Did you know YouTube is the second-largest search engine? If you’re not leveraging higher ed video marketing to attract and retain your prospective student base, then it’s high time to do so.
Here are some mind-blowing stats about YouTube that Ryan Jenkins, an expert on Millennials and Gen Z, delivered during his opening keynote of Capture Higher Ed’s recent Resolve Enrollment Technology conference.
- It processes more than 3 billion searches a month
- Three hundred hours of video are uploaded to the site every minute
- More than half of YouTube views come from mobile devices
- Approximately 20% of the people who start watching a video will leave after the first 20 seconds
- YouTube overall and YouTube on mobile reaches more 18-34 year olds than any cable network in the U.S.
- YouTube is bigger than Bing, Yahoo!, Ask and AOL combined
So what does this mean for college admissions? Well, to no surprise, students are using YouTube in high amounts (54 percent of people aged 20 and under visit the site multiple times per day), so colleges must stay ahead of the curve in showcasing what it offers for its students via higher ed video marketing.
Not only do prospective students use YouTube to learn (i.e. “How To” tutorials or finding out about a college), but they also use YouTube as a form of communication. It’s another way to stay connected in social digital circles. They can comment, like, and share — all forms of digital interaction.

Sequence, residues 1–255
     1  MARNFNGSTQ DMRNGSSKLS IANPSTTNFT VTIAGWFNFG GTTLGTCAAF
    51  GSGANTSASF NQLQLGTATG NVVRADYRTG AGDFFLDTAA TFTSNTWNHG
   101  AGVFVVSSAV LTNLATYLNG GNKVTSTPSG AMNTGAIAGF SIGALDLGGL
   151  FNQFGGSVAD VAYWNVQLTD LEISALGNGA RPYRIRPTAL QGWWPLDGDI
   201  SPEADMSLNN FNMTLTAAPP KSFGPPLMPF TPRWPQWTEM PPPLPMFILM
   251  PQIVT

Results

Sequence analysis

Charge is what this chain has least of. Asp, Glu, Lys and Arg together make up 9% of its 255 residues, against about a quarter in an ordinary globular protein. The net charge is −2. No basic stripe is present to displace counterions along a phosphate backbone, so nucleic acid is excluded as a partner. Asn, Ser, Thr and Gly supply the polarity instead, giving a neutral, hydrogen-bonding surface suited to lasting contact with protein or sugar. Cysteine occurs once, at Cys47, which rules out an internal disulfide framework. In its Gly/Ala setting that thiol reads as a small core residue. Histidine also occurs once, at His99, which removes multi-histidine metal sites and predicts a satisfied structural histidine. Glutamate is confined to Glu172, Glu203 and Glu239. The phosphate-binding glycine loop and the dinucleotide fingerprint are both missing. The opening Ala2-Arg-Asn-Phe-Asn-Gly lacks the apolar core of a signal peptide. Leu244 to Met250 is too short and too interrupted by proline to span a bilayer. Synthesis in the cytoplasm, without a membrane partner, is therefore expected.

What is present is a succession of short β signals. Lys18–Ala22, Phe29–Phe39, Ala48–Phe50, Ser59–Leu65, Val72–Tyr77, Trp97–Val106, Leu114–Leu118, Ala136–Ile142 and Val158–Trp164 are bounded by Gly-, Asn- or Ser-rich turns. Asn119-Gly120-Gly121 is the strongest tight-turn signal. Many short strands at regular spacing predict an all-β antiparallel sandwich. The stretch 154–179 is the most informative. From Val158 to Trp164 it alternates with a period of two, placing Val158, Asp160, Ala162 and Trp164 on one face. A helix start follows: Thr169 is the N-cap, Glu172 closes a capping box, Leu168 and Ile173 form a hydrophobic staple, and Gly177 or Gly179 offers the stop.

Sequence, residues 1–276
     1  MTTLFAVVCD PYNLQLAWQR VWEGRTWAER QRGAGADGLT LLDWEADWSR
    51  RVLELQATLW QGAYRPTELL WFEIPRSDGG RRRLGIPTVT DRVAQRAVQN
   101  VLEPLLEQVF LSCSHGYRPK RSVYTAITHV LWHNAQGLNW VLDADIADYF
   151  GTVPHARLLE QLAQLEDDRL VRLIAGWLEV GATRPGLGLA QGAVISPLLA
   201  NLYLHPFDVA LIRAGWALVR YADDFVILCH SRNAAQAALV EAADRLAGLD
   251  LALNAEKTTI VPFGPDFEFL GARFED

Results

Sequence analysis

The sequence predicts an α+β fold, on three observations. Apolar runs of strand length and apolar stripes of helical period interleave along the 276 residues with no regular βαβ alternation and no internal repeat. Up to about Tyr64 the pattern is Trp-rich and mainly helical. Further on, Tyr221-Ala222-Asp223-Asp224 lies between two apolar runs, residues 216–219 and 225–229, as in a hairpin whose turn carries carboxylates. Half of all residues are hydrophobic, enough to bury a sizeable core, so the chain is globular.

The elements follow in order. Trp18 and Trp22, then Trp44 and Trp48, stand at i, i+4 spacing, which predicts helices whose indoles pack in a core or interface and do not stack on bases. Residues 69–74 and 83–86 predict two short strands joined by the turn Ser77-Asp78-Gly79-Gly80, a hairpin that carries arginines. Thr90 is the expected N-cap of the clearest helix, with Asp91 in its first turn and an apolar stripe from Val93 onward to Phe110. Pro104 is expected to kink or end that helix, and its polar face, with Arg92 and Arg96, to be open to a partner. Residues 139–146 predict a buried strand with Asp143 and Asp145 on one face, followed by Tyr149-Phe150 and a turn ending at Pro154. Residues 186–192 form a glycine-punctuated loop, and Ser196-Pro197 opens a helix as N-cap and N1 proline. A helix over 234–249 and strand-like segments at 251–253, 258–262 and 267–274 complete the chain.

Their relationship with YouTube also implies their relationship with visuals. They are a highly visual, video-centric group who leverages the Internet to study, work, play, and contribute. In fact, forty-three percent of them prefer a digital approach to learning and find it easiest to learn from the Internet. More than 50 percent even say it’s easier or more convenient to chat digitally.
These suggest that it is imperative for colleges and universities to be accessible to students digitally. Platforms like YouTube, Facebook, Twitter and Instagram are now standard protocol. Platforms like Snapchat have begun to see colleges take advantage of their tools as well.
In addition to having compelling and authentic videos on YouTube, colleges should be open to personal communication with students via digital streams like Skype and FaceTime. Prospective students should be receiving a response to their @admissions question on Twitter. When prospective students check the college’s Instagram, they should see what current students on campus see — not in a gimmicky way, but with honest, authentic, and transparent messaging coming right from the students’ mouths.
And they should be able to do all of this from their phone.
So how are you using higher ed video marketing and other digital marketing platforms to recruit and retain students?
By Ashli Findley, Content Writer, Capture Higher Ed